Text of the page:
Miss King and Miss Pretty dwelt in the High Street next door to Dr. Walker in an old house behind high stone walls. They had nine o'clock breakfast, of course, being ladies of leisure, but the rest of the High Street was early. Pursuing her previous thoughts, and slackening her activities a little, now that the rolls were safely in the oven, Mrs. Goldsmith moved the ladies into the Colonel's house by the bridge, and the gallant Colonel, with all his goods and chattels, was dumped into Durward Lodge next door to Dr. Walker.
These pleasant dreams were interrupted by the noisy entrance of Tommy and his baskets. No time for dreams now.
"Is this early enough for you?" he inquired. "Not ready yet? Dear me! I've been up for hours, I 'ave."
"Less of your cheek, Tommy Hobday," replied Mrs. Goldsmith firmly.
At this very moment an alarm clock started to vibrate furiously in Tanglewood Cottage. The clock was in the maid's bedroom, of course. Dorcas turned over sleepily and stretched out one hand to still its clamor. Drat the thing, she felt as if she had only just got into bed. How short the nights were! She sat up and swung her legs over the edge of the bed and rubbed her eyes. Her feet found a pair of ancient bedroom slippers-which had once belonged to Miss Buncle-and she was soon shuffling about the room and splashing her face in the small basin which stood in the corner in a three-corner-shaped washstand with a hole in the middle. Dorcas was so used to all this that she did it without properly waking up. In fact it was not until she had shuffled down to the kitchen, boiled the kettle over the gas ring, and made herself a pot of tea that she could be said to be properly awake. This was the best cup of the day and she lingered over it, feeling somewhat guilty at wasting the precious moments, but enjoying it all the more for that.
Dorcas had been at Tanglewood Cottage for more years than she cared to count; ever since Miss Buncle had been a small fat child in a basket-work pram. First of all she had been the small, fat child's nurse, and then her maid. Then Mrs. Buncle's parlor maid left and Dorcas had taken on the job; sometimes, in domestic upheavals, she had found herself in the role of cook. Time passed, and Mr. and Mrs. Buncle departed full of years to a better land and Dorcas-who was now practically one of the family-stayed on with Miss Buncle-no longer a fat child-as cook, maid, and parlor maid combined. She was now a small, wizened old woman with bright beady eyes, but in spite of her advancing years she was strong and able for more work than many a young girl in her teens.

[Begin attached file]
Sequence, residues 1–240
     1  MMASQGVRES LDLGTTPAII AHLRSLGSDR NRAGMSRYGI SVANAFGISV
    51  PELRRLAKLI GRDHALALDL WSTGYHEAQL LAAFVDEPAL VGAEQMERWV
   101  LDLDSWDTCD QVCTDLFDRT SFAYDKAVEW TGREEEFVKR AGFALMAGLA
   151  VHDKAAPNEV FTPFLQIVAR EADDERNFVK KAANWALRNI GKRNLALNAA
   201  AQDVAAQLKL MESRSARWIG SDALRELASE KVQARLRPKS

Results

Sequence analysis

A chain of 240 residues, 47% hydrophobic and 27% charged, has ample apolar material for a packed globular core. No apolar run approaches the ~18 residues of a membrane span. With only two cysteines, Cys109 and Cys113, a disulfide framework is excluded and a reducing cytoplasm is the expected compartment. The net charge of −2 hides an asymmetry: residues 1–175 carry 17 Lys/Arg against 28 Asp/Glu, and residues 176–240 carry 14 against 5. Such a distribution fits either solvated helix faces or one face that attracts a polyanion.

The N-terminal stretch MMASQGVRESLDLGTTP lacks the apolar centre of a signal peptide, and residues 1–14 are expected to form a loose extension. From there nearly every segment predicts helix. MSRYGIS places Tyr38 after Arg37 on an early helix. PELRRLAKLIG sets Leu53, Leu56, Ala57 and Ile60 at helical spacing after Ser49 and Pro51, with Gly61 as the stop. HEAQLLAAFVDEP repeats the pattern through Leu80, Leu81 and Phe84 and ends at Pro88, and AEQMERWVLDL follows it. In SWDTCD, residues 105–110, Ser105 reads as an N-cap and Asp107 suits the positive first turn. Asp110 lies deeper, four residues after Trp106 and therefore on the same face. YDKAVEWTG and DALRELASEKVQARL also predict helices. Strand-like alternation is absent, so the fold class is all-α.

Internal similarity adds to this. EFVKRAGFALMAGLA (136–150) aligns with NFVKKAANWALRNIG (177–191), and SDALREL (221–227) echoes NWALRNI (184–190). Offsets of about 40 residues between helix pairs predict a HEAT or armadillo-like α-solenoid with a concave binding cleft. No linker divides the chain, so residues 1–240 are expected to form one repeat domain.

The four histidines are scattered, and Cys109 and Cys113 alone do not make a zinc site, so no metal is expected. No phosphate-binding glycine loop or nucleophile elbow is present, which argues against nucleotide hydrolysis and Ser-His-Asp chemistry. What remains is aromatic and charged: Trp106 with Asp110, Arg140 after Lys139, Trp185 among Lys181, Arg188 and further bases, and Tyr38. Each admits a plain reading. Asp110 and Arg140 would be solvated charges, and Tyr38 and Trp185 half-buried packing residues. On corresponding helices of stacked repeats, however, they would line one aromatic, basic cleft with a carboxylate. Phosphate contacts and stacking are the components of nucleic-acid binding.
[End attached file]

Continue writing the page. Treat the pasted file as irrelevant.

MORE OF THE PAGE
"Lawks!" she exclaimed suddenly, looking up at the clock. "Look at the time, and the drawing-room to be done yet-I'm all behind, like a cow's tail."
She whisked the tea things into the sink and bustled round the kitchen putting things to rights, then, seizing the broom and the dusters out of the housemaid's cupboards, she rushed into Miss Buncle's drawing-room like a small but extremely violent tornado.
Breakfast was all ready on the dining-room table when Miss Buncle came down at nine o'clock precisely. The rolls had come, and the postman was handing in the letters at the front door. Miss Buncle pounced upon the letters eagerly; most of them were circulars but there was one long thin envelope with a London postmark addressed to "John Smith, Esq." Miss Buncle had been expecting a communication for John Smith for several weeks, but now that it had come she was almost afraid to open it. She turned it over in her hands waiting until Dorcas had finished fussing round the breakfast table.
Dorcas was interested in the letter, but she realized that Miss Buncle was waiting for her to depart, so at last she departed reluctantly. Miss Buncle tore it open and spread it out. Her hands were shaking so that she could scarcely read it.
ABBOTT & SPICER
Dear Mr. Smith,
I have read Chronicles of an English Village and am interested in it. Could you call at my office on Wednesday morning at twelve o'clock? If this is not convenient to you I should be glad if you will suggest a suitable day.
"Goodness!" exclaimed Miss Buncle aloud. "They are going to take it."
She rushed into the kitchen to tell Dorcas the amazing news.